The National  Memo Logo

Smart. Sharp. Funny. Fearless.

Monday, December 09, 2019 {{ new Date().getDay() }}

TRIPOLI, Libya — Thousands of Libyans Friday took to the streets in several areas of the country, protesting a lack of security.

Protesters gathered outside the Mosque of al-Shohada (Martyrs) in the center of the capital of Tripoli, accusing the National Congress, the country’s highest authority and the interim government of failing to maintain security.

Libya has been hit by attacks on government buildings and security personnel since an armed revolt toppled dictator Moammar Gadhafi in 2011.

Protests also were staged in the volatile city of Benghazi in eastern Libya, which Thursday started a civil disobedience campaign against security deterioration.

“We give the National Congress and the interim government one week to take serious steps to re-establish security in the city or we will withhold all revenues from state institutions and channel them into boosting security,” head of Benghazi’s local council Mahmoud Burziza told reporters Friday.

Benghazi, the birthplace of the anti-Gadhafi uprising, has seen frequent attacks by armed groups on Libyan government officials and foreign interests.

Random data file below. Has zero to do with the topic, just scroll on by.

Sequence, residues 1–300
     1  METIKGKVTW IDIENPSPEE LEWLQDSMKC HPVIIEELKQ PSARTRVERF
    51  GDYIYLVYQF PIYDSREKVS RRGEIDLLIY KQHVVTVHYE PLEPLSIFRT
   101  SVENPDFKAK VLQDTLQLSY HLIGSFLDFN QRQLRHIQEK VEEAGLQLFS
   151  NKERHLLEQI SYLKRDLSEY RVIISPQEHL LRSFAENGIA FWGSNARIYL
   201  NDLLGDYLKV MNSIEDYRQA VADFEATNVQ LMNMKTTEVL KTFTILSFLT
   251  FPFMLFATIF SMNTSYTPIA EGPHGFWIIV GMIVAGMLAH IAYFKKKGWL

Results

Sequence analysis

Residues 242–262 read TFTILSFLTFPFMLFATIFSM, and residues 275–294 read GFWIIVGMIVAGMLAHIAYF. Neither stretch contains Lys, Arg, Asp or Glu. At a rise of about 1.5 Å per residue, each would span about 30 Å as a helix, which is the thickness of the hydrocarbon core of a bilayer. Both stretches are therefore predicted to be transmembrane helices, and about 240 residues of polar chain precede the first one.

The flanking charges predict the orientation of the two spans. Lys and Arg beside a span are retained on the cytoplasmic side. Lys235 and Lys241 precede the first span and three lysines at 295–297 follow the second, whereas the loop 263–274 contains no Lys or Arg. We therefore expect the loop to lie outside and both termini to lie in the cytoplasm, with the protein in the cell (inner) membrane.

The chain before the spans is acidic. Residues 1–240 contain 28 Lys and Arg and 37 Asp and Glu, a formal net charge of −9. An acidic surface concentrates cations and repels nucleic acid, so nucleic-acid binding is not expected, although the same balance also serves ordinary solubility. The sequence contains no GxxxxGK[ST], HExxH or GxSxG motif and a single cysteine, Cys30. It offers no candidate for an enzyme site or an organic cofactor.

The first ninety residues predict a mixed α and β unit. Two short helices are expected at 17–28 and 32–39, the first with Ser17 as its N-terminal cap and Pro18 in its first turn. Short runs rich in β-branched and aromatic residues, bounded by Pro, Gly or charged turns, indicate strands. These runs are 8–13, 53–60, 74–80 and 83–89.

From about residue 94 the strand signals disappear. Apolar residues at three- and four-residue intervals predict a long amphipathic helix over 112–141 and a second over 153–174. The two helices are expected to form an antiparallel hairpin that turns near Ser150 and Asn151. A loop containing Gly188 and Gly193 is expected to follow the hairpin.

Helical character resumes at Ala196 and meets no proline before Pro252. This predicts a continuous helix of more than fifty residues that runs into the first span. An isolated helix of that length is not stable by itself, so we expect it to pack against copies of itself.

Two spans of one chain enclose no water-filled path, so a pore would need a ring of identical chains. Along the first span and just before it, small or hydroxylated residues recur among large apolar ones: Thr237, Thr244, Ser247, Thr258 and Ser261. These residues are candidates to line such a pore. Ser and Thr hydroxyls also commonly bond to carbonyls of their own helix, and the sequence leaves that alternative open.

In 2012, the U.S. ambassador and three Americans were killed in an attack on the U.S. consulate in Benghazi.

The North African country’s post-revolutionary rulers have been struggling to assert their authority, given the proliferation of weapons and militias since the ouster and killing of Gaddafi in October 2011.

AFP Photo/Gianluigi Guercia

Start your day with National Memo Newsletter

Know first.

The opinions that matter. Delivered to your inbox every morning

Reprinted with permission from Creators

Here's how TV news works: What is just an annoyance becomes a concern. A concern turns into a serious worry. And a serious worry is elevated into a crisis. Stoking anxiety is how they keep the public glued.

Keep reading... Show less

Reprinted with permission from Alternet

An Oklahoma Baptist preacher angry the U.S. government isn't "executing" LGBTQ people and angry hate crime laws are, he claims, prohibiting "violent attitudes toward the f****ts and sodomites," is also suggesting he is acting like Jesus Christ by name calling.

Keep reading... Show less
x
{{ post.roar_specific_data.api_data.analytics }}